Micro CPU Benchmarks: Isolating the FPU

Although it surely wasn't the main subject of our first article, the FLOPS (Floating Point Operations Per Second) portion was one part where I clearly made a mistake. Indeed, the --noaltivec flag and the comment that Altivec was enabled by default in the gcc 3.3 compiler docs made me believe that some Altivec SIMD optimization was being done when compiling flops, a synthetic micro FPU benchmark. That was not true: flops is double precision and gcc 3.3 did not support vectorisation.

As I wrote in the article, we used -O2 and then tried a bucket load of other options like --fast-math --mtune=G5, but it didn't make any significant difference.

Again, note that benchmarking with flops is not real world, but it isolates the FPU power. Flops shows the maximum double precision power that the core has by making sure that the program fits in the L1-cache. Flops consists of 8 tests, and each test has a different but well known instruction mix. The most frequently used instructions are FADD (addition), FSUB (subtraction) and FMUL (multiplication). We used the following on the Opteron based PCs:
Gcc -O2 -march=k8 flops.c -o flops
And, on the G5 machines, we used:
Gcc -O2 -mcpu=G5 flops.c -o flops
The command "gcc - version" gave this output "gcc (GCC) 4.0.0 Copyright (C) 2005 Free Software Foundation, Inc."

Let us check out the results:

gcc 4.0
Powermac G5 2.7 GHz
gcc 3.3
Powermac G5 2.5 GHz
gcc 3.3
Opteron 850 2.4 GHz
gcc 3.3.3
Opteron 850 2.4 GHz
gcc 4.0
1 50% 0% 43% 7% 1158 1104 1026 1404 1319
2 43% 29% 14% 14% 607 665 618 844 695
3 35% 12% 53% 0% 3047 2890 2677 1955 1866
4 47% 0% 53% 0% 1583 522 486 1856 1850
5 45% 0% 52% 3% 1418 675 628 1831 1362
6 45% 0% 55% 0% 2163 915 851 1922 1698
7 25% 25% 25% 25% 546 284 265 562 502
8 43% 0% 57% 0% 2020 925 860 1989 1703
Average: 1568 998 926 1545 1374

As Gabriel Svelto and other readers pointed out, the problem with gcc 3.3 generating code for PowerPC CPUs is that it outputs very poorly scheduled code for these CPUs. The result is that gcc 3.3 does not make good use of the FP units of the G5 core, which are capable of FMADD instructions. This kind of instruction performs a 64-bit, double-precision floating-point multiply of an operand in floating-point register (FPR) "FRA" by the 64-bit, double-precision floating-point operand in FPR "FRC"; then add the result of this operation to the 64-bit, double-precision floating-point operand in FPR "FRB". Thus if the code allows it, you can do a multiplication and an addition while executing only one instruction. gcc 4.0 is a lot better at using these capabilities as you can see.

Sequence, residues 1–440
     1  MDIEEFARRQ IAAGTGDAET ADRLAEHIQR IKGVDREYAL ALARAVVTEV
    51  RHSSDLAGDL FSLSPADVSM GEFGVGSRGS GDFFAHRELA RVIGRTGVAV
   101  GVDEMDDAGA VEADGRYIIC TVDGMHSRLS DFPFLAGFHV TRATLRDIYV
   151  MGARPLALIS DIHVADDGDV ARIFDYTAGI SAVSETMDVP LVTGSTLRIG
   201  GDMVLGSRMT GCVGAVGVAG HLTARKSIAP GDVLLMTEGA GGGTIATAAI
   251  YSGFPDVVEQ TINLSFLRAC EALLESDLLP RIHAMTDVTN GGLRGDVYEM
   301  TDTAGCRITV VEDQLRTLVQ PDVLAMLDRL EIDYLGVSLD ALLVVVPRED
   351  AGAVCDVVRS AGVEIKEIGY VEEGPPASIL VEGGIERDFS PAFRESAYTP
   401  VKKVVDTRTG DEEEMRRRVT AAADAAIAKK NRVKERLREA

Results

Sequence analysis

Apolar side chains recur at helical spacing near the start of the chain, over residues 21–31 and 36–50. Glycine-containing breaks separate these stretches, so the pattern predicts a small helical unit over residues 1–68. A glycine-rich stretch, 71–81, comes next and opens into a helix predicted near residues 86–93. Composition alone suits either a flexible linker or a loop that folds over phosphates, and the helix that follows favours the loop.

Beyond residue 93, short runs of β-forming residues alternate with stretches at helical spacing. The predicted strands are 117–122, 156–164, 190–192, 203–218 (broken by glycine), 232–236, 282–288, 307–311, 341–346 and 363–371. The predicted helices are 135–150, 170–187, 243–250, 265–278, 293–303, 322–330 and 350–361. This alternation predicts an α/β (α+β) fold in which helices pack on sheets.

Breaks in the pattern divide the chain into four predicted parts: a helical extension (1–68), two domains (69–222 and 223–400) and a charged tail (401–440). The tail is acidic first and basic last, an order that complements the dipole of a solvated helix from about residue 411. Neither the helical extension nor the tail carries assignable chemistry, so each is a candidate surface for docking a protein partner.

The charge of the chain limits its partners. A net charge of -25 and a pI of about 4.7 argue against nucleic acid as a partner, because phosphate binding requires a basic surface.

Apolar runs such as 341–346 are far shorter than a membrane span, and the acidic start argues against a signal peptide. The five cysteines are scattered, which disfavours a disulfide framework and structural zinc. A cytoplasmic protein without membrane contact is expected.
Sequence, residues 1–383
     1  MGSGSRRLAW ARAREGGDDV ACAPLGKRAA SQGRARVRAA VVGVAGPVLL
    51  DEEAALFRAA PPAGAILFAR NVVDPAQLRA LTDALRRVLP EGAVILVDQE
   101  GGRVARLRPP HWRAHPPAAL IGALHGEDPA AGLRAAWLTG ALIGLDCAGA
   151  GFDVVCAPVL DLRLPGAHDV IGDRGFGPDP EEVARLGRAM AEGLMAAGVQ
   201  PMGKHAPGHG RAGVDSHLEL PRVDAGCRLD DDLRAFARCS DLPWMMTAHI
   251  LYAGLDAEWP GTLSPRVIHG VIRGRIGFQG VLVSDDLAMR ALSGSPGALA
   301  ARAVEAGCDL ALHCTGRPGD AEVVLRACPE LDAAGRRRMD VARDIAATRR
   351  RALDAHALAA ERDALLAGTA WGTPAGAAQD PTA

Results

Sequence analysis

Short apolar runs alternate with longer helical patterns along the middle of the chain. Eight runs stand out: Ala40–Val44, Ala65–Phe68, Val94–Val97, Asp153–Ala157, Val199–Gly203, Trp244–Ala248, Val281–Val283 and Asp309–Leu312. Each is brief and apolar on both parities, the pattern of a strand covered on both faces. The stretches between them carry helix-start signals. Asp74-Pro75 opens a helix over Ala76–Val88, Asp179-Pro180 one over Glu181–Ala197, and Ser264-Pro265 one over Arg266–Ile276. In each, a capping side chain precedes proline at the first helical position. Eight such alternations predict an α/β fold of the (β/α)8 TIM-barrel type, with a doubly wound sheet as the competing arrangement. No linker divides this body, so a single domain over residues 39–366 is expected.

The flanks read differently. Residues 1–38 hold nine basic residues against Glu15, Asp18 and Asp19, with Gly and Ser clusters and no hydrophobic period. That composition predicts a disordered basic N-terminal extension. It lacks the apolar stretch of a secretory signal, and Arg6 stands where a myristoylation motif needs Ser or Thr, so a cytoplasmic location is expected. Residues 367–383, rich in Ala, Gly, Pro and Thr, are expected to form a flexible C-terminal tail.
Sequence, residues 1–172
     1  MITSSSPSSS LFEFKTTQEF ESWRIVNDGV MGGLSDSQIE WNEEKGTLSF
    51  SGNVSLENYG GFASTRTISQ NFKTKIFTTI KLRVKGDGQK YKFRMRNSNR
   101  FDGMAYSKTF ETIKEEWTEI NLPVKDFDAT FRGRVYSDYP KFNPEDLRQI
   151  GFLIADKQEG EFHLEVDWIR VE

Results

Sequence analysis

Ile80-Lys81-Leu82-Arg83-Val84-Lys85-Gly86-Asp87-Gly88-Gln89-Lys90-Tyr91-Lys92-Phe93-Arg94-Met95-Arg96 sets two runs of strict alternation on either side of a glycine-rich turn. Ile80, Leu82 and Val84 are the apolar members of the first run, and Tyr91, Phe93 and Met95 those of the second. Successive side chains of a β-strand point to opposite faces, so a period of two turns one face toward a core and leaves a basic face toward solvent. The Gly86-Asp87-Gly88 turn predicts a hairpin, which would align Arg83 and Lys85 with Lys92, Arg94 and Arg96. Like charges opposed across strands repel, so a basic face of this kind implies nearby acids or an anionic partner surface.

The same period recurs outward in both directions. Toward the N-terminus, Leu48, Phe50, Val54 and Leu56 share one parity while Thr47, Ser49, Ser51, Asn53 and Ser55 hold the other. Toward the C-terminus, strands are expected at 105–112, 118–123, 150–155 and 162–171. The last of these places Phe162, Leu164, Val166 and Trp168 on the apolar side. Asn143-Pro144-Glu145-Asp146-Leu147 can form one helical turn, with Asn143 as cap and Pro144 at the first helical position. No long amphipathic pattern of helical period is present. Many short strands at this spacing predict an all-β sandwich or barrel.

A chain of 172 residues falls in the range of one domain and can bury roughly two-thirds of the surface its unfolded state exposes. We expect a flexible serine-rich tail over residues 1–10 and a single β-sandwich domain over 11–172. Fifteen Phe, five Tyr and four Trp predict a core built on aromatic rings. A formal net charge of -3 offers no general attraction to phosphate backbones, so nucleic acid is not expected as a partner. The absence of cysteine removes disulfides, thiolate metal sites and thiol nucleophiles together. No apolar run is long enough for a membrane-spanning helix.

A bit disappointing is the fact that gcc 4.0 lowers the performance of the Opteron compared to gcc 3.3.3, but this article is not about compiler technology; rather, it is about comparing the G5 and the Apple platform to the x86 platform. With our current benchmark data, we can conclude that the G5's FPU performance is as good as the best x86 FP chip, the AMD Athlon 64 / Opteron. Using IBM's compiler for the G5 and Intel's compiler on the Opteron, there will be higher results for both platforms, but we wanted a comparison with exactly the same compiler technology.

Benchmark Configuration The Xserve Server Platform
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  • Lori - Friday, September 2, 2005 - link


    MacOS X uses a modified microkernel (a monolithic / microkernel hybrid). The idea was to cut down IPC costs by putting servers that would be IPC heavy directly into the kernel. However, there has recently been a lot of work in the microkernel world to reduce this IPC cost and bring its speed near that of a monolithic kernel.

    L4Ka::Pistachio is an example of this:
  • leviat - Thursday, September 1, 2005 - link

    If the problem is indeed in the thread creation portion of the OS, it would be interesting to see how a single threaded webserver fairs. I would love to see a benchmark test of Lighttpd (www.lighttpd.org) to see a comparison of how that runs on Darwin vs linux-ppc.

    Another interesting test would be to see MySQL can be configured to precreate the handler threads. This might allow us to see how it handles the context-switching between the multiple threads and allow for it to compete.

    Anyways, great article!